Dealing with high conflict in co-parenting

Sadly many people go through high conflict divorces; equally unfortunately this can often transition in to a high conflict situation for co-parenting. High conflict in the context of marriage, divorce and co-parenting generally refers to aggression, tension and bad feeling between parents. Something I’ve talked about before is doing your best to shield your children from these kinds of environments and consequently the importance of exhibiting behavior and values you wish your offspring to emulate.

In cases of extremely high conflict, this can be incredibly hard and it may be next to impossible to improve communication with your ex-partner, or at least for now. Sometimes you are more than happy to try and communicate and come to a solution; however it doesn’t take both parents in order to create conflict. Regrettably high conflict disputes usually result in court action and potentially court ordered provisions in terms of conflict resolution and custody sharing. Conflict often obstructs positive progress being made in terms of shared custody arrangements. Acknowledging the level of conflict you share with your ex-partner is the first course of action you should take and then you can consider methods of improving your situation.

 

Triggers and starting again

 

By identifying triggers you can identify the source of your problems with your ex, most likely differences in opinion in regards to raising your children or emotional baggage left over from your past relationship.

During interactions with your co-parent don’t take things personally but do recognize triggers and stop those knee jerk reactions! At the same time learn to expect your ex’s reactions, you know each other well and should be aware of each other’s behavior patterns. If you know something unnecessary you say will cause conflict, use a different phrase. Think before you act, will what you’re going to do improve the situation or make it worse?

There’s nothing harder than forgetting the past actions of someone who has really hurt you. You were partners then, now you are partners in a completely different light. You need to put aside your difference for the sake of creating an ideal co-parenting setup for your children. Judging your ex-spouse on their past behaviour will not influence changes in their current attitudes or behavior! You cannot expect big changes and you need to accept that you cannot change certain aspects of a person. We are human, unique, we think differently that’s just nature and it doesn’t automatically mean the way you approach things is the correct and only way.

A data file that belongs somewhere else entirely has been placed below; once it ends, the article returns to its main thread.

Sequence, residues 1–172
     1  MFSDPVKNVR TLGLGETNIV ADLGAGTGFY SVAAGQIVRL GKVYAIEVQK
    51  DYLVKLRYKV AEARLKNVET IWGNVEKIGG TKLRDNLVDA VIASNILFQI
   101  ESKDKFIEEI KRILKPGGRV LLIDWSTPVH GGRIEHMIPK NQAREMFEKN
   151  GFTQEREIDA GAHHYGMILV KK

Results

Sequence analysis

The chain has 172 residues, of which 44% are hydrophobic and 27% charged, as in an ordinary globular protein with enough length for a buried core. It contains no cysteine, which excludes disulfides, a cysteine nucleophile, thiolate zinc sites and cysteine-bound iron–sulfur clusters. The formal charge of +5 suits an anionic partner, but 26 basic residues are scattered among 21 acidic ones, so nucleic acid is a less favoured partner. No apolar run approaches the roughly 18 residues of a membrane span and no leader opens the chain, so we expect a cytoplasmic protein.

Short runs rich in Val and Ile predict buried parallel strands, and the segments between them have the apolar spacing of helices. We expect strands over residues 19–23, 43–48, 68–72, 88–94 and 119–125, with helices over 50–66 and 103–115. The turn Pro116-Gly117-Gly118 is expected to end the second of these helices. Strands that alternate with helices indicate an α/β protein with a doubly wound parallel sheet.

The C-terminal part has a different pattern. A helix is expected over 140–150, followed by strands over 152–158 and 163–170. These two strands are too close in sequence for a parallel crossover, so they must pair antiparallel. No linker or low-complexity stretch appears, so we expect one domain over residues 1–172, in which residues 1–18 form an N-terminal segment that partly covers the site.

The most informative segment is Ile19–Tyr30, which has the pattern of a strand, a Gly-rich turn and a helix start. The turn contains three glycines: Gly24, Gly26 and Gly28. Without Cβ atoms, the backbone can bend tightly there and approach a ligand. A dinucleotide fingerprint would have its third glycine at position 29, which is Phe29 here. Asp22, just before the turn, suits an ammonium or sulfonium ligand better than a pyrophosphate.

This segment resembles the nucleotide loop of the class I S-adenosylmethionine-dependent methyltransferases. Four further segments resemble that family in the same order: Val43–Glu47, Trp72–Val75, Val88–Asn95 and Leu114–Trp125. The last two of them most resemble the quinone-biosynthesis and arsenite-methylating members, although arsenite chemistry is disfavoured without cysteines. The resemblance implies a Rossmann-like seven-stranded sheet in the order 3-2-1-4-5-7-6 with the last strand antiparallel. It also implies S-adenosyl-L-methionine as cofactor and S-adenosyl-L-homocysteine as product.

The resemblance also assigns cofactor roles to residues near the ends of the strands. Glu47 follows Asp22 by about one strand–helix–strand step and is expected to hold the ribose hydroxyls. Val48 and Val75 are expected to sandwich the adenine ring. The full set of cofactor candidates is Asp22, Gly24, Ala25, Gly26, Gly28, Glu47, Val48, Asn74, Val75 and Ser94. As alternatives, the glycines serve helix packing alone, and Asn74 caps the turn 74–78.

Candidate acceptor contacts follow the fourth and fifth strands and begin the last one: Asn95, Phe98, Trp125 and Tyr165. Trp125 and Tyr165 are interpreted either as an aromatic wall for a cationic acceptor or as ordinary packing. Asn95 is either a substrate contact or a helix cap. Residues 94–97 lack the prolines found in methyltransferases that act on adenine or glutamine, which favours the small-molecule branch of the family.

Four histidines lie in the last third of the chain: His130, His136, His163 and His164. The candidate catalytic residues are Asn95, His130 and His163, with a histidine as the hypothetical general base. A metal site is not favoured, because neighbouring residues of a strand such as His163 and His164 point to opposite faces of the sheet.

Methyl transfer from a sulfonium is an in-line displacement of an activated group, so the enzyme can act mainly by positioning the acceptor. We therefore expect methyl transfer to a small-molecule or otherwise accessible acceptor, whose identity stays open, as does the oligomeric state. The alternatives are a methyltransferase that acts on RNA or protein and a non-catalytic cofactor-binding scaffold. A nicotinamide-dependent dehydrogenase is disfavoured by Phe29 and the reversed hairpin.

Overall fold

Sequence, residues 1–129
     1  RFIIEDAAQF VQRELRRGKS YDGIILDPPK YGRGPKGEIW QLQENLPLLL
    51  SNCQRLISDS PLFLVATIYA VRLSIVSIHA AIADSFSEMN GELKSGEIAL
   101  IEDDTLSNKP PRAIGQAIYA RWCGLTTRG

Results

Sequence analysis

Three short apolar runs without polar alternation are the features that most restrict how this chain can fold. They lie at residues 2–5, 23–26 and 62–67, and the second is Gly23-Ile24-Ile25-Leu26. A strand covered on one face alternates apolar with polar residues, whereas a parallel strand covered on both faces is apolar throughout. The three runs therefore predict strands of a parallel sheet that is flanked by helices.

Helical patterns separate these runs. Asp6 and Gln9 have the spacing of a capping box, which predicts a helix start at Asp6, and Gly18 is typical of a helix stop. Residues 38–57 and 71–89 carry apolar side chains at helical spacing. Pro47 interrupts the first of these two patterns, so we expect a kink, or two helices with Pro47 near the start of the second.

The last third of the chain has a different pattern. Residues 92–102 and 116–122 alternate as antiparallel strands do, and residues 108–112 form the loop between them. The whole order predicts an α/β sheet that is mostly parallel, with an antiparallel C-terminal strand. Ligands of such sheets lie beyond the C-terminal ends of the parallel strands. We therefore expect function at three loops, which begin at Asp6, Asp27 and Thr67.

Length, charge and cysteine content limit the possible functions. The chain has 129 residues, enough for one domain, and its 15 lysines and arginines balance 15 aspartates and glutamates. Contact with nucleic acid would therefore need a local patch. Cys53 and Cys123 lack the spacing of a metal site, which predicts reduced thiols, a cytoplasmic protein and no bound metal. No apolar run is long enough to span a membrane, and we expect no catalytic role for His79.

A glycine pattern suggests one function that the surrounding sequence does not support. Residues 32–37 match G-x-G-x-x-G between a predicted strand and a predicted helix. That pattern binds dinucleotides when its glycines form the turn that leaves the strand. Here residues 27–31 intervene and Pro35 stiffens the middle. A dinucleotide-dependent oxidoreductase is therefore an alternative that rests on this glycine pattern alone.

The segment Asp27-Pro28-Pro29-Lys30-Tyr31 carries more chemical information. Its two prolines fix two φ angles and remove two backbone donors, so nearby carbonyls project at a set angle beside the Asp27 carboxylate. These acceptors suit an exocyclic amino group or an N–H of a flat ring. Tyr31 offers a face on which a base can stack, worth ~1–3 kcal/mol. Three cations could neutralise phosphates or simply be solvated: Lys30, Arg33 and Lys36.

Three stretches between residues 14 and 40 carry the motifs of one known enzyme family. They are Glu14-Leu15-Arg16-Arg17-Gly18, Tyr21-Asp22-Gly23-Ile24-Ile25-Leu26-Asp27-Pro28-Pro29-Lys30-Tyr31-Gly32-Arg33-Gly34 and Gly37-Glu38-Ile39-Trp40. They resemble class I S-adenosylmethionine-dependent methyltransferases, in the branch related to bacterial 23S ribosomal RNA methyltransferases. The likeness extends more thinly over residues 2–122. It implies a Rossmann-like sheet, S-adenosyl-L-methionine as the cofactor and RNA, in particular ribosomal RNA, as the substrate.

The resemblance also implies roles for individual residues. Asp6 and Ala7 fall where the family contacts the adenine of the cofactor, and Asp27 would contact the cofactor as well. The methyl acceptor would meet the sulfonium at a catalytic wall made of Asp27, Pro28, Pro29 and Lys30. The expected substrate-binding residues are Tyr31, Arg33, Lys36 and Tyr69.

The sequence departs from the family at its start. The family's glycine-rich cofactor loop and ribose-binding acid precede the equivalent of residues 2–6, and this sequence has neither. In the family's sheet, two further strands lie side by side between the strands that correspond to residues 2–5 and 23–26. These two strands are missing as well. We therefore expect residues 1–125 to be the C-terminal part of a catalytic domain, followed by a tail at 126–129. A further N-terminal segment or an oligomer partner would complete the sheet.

When starting afresh for the sake of your co-parenting relationship it is vital that you establish boundaries. Initially minimizing direct contact can be a way of ensuring conflict remains low whilst emotions settle and everybody gets into the routine of the parenting plan.  Don’t aim to match your co-parents intensity or aggression, if you’re upset wait a while before responding. Keep your private life private and that goes for your day to day parenting activities too, there is no need to create potential disagreements over insignificant details. Limit social interactions; social media, friend groups, anything personal. These boundaries may seem unnecessary but they help limit conflict.

 

In summary

 

Divorce and co-parenting are two areas prone to conflict, that being said it can be managed effectively.  You need to control your actions as they’re your responsibility and self-control leads to reduced conflict. Focus on what you can regulate, your own behavior. The good news is that although it only takes one parent to cause conflict it can only take one parent to begin to heal that situation and move towards a healthier co-parenting relationship. Think about the consequences of continuing a high conflict co-parenting setup, the potential financial and emotional costs are high and in nobody’s interests. Hopefully that is something you and your co-parent can both agree on.

Parallel parenting is a final option if co-parenting still seems out of reach as a viable possibility. If parents are unable to communicate respectfully then this is a good option. Parallel parenting is a more disengaged form of co-parenting; both parents remain engaged with their children, just not with each other. A parenting plan is still used to maintain structure and a schedule but direct communication between parents is avoided and thus so is the inevitable conflict.

Whatever your circumstances you need to be motivated to co-operate for the mental well-being of your children. Consider mediation and counseling, try your best to negotiate and above all focus on the needs of your children. The last thing you want is them feeling they’re in the middle of conflict and like they have to pick sides.

 

Krishan Smith is the new senior editor at Custody X Change, a custody software specialist company.